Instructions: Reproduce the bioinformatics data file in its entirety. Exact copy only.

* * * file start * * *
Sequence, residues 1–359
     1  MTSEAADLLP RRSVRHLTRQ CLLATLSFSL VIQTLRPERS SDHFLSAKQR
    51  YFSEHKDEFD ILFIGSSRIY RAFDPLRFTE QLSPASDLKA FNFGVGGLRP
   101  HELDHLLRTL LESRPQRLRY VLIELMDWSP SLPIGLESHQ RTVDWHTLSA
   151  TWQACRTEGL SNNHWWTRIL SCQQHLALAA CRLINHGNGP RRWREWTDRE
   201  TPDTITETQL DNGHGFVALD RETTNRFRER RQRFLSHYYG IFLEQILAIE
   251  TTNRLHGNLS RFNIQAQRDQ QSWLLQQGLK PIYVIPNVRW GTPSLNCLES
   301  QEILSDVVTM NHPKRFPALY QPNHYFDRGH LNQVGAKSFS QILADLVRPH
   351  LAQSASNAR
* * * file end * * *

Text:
Sequence, residues 1–359
     1  MTSEAADLLP RRSVRHLTRQ CLLATLSFSL VIQTLRPERS SDHFLSAKQR
    51  YFSEHKDEFD ILFIGSSRIY RAFDPLRFTE QLSPASDLKA FNFGVGGLRP
   101  HELDHLLRTL LESRPQRLRY VLIELMDWSP SLPIGLESHQ RTVDWHTLSA
   151  TWQACRTEGL SNNHWWTRIL SCQQHLALAA CRLINHGNGP RRWREWTDRE
   201  TPDTITETQL DNGHGFVALD RETTNRFRER RQRFLSHYYG IFLEQILAIE
   251  TTNRLHGNLS RFNIQAQRDQ QSWLLQQGLK PIYVIPNVRW GTPSLNCLES
   301  QEILSDVVTM NHPKRFPALY QPNHYFDRGH LNQVGAKSFS QILADLVRPH
   351  LAQSASNAR